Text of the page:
Cup Betting in Football: How to Bet on the Outright Winner of a Tournament


Every football fan has their own reasons for loving the beautiful game but it’s ultimately all about winning. Fans of every team would love to see their side win the league but that is out of reach for many, and with money more important to success than ever before it is possibly further out of reach than it has ever been.

This is part of the reason that cup football is so popular. Domestic cups in particular offer an extended number of teams a shot at glory, with a run through to the latter stages often enough to give fans something to remember. For the smaller clubs, even the chance to compete against the big boys feels special, whilst a big away draw can do wonders for the finances of sides lower down the football pecking order.

The unpredictable nature of cup football also makes it popular with punters. There are some things you need to know before rushing to place your bets on cup football though. That’s true of ante post betting options and markets for individual matches, so we’ve covered both in this cup betting guide.

Cup Winner Market

Winning the CupThe Cup Winner Market for cup football is similar to that of league betting in that the winner of the competition is also the winner of the market. This is a simple enough market and it is also one of the most popular bets among punters alongside the league winner market. There are some very significant differences however.

The most important thing for punters to be aware of is the changeable nature of Cup Winner Markets. In league football, the odds will change throughout the season subject to results, but in cup football the selections themselves will change. Take the FA Cup for example. Each round of the competition sees half of the teams knocked out of the tournament and settled as losers in the market. In the earlier part of the FA Cup, teams are eliminated even before the Premier League and Championship teams get their competition started.

Other competitions see selections added to the market. That’s the case for the Europa League where teams from the Champions League are added to the competition after the group stage. Oftentimes, these teams go straight in towards the top of the market which obviously has a big impact on all the odds available. At least a basic knowledge of the structure and format of the competition is crucial if you want to avoid making a bad assessment of the value a certain team offers.

Bookmakers differ in the way they deal with their Cup Winner Market whilst matches are taking place. Some will actively manage their positions as if the market were in play given the large swings possible (imagine the cup favourites went 3-0 down in a quarter final match for example) whilst others will suspend outright betting at certain times. You’ll generally find that the Cup Winner Market is offered in-play during finals, too.

Top Goalscorer

Goal CelebrationTop scorer betting is more common in leagues than cups but some cups in particular have extremely popular top scorer markets. The markets for the Champions League and World Cup top scorer are much-loved by punters and offer a great way to bet on the tournaments. Betting on the top scorer in a similar competition such as the Euros, Europa League, Copa America and so on is also very popular.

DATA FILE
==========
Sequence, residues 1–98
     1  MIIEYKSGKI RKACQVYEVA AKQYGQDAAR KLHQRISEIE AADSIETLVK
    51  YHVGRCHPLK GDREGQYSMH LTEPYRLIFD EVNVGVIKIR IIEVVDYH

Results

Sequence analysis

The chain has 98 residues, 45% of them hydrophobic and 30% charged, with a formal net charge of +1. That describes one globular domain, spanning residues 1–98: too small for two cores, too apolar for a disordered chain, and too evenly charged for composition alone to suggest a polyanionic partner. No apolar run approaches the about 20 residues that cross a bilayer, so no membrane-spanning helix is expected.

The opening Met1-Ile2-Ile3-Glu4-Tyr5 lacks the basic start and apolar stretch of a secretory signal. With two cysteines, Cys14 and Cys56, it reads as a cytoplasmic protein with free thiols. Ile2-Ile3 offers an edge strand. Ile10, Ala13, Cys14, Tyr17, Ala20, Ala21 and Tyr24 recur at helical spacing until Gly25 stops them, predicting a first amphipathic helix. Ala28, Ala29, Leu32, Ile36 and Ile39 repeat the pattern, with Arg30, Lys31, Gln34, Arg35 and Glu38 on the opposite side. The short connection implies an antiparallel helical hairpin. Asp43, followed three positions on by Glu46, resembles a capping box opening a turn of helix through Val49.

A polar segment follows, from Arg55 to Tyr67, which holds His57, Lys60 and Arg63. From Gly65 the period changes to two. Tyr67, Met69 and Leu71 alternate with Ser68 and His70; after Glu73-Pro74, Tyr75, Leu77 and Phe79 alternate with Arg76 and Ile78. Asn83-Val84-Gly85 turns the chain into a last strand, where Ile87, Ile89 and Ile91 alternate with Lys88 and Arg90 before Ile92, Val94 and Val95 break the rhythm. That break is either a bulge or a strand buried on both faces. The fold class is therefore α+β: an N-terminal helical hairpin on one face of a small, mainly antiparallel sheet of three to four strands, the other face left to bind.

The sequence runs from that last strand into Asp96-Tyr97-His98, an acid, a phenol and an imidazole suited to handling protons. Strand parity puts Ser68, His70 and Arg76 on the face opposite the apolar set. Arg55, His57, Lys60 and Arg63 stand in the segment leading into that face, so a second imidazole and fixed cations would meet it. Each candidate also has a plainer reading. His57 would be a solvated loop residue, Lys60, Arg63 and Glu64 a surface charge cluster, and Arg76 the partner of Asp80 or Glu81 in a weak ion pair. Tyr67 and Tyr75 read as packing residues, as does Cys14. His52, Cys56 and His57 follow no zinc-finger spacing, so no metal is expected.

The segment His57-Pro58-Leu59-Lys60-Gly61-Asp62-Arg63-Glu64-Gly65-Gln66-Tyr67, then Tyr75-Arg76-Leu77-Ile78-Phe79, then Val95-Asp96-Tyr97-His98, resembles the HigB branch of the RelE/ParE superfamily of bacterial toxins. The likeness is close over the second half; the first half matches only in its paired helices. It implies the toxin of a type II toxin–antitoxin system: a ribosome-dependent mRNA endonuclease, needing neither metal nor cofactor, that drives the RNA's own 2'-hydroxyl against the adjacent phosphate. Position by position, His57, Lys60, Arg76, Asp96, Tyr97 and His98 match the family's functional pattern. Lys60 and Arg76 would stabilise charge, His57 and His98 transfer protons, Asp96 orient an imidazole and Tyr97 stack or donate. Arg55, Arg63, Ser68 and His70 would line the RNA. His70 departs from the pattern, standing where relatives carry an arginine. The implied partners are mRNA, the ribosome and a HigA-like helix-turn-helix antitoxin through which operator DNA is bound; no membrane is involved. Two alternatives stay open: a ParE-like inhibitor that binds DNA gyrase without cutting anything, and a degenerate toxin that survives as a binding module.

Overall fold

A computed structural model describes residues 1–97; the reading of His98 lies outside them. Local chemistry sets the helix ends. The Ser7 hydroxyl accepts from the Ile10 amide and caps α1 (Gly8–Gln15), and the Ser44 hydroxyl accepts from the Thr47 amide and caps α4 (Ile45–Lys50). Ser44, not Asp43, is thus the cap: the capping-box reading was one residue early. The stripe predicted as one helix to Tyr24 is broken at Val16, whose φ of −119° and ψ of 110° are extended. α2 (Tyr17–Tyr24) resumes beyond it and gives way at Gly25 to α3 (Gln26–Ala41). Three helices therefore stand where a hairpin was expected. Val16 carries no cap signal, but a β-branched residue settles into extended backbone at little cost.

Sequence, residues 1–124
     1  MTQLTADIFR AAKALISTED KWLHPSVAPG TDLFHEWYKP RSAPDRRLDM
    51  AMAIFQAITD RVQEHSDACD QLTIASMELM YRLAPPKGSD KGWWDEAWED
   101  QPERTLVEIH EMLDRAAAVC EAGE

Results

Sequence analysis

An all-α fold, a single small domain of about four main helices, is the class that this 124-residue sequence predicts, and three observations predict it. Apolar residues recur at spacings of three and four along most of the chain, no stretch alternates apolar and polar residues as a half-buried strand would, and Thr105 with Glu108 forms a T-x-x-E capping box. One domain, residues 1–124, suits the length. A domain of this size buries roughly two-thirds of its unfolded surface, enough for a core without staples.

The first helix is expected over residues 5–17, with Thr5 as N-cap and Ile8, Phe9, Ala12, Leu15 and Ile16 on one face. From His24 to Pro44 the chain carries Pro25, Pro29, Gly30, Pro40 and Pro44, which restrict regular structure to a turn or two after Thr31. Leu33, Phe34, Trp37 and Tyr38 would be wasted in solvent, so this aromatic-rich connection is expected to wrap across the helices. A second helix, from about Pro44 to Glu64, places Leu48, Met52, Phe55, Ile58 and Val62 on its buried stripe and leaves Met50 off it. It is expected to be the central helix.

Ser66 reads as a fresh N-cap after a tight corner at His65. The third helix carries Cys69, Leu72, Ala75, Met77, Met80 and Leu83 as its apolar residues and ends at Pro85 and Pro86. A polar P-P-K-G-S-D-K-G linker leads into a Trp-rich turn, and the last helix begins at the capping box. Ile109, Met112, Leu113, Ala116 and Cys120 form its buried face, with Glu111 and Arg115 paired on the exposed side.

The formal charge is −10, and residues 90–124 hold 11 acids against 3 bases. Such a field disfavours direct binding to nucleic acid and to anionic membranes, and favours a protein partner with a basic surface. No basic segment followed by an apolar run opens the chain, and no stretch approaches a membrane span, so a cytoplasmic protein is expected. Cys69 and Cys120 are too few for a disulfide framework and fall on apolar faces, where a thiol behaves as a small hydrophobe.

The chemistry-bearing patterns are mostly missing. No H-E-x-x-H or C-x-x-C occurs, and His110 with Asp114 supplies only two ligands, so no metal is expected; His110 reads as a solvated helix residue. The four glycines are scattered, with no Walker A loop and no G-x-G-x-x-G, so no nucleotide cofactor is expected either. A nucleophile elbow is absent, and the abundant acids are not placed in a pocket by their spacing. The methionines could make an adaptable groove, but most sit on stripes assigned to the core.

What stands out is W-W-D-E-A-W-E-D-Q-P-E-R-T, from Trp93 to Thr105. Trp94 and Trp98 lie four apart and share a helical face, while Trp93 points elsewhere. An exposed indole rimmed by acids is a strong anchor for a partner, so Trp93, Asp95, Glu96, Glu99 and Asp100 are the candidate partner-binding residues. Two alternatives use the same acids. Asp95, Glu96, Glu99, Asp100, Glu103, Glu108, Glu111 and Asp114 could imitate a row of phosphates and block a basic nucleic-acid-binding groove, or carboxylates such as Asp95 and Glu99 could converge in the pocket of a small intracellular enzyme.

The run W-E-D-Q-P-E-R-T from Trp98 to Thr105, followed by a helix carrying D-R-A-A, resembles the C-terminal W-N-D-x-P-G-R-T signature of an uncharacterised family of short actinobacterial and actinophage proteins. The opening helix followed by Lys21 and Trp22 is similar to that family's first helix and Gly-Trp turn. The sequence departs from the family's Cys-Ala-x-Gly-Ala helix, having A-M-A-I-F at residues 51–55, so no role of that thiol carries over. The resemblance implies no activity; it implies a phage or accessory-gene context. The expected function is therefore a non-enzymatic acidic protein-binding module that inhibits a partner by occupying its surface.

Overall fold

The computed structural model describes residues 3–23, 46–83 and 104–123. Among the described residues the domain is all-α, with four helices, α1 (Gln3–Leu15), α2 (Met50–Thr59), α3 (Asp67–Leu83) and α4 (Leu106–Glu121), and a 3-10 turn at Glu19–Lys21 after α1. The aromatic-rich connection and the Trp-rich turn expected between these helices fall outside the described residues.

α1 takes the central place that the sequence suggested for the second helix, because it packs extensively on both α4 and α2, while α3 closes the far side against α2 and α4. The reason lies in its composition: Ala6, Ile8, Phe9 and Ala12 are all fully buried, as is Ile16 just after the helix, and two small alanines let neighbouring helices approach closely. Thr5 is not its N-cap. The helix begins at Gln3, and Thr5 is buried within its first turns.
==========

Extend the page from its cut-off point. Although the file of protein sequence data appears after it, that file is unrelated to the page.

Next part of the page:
Whilst less common, you can also bet on the top scorer in other cups, such as the FA Cup or League Cup. As ever, understanding the market and the structure of the event is key if you want to give yourself the best chance of getting a net win.

When it comes to tournaments with group phases, such as the World Cup or Champions League, it can really pay to consider the fixtures. If the players at the top of the market don’t seem to offer great value, perhaps there is a better pick at longer odds whose team has been blessed with an easy draw. If Lionel Messi’s Argentina are in the proverbial Group of Death whilst Robert Lewandowski’s Poland have the easiest group going, the latter is likely to offer more value. With a bit of luck he might be able to hit a hat-trick and perhaps a brace against the group’s minnows and five goals could see him in the mix, even if Poland don’t go too far beyond the next round.

Generally though, considering how many games a player is likely to play is crucial when it comes to such bets. Normally the top scorer will at least make the semis but that isn’t always the case. In particular, with cups where the top sides play fewer games, the top scorer may often be a relative unknown. In the 2018/19 FA Cup, for instance, Newport’s Padraig Amond took the honours with five goals, whilst a year earlier Wigan’s Will Grigg was the top gun.

Cristiano Ronaldo
Credit: JanS0l0 Flickr

Other related bets when it comes to the top scorer are Top Scorer/Winner doubles, where you back the player who will score the most goals and the team that will win the cup. Cristiano Ronaldo/Real Madrid was a popular pick in the Champions League during his time at that club, but things are rarely so predictable and the odds in this market reflect the difficulty in calling both sides of the bet.

Last of all it is worth being aware of what will happen in the event of a tie. Firstly, you need to be aware of what market you are betting on. If it is top goalscorer then a tie will usually be settled using dead heat rules. This can be particularly relevant to each way bets and means that your stake will be divided by the number of people tied for the winning places. So, if you back Ronaldo for top scorer outright and he ties with Messi, half of your stake is paid as a winner and half as a loser.

On the other hand, if you have placed a bet, say, on who will be the World Cup Golden Boot, ties will be divided by assists, first of all, and then which player played the fewest minutes. There is no tie and no dead heat, even if, as in 2010, three players all scored the same number of goals.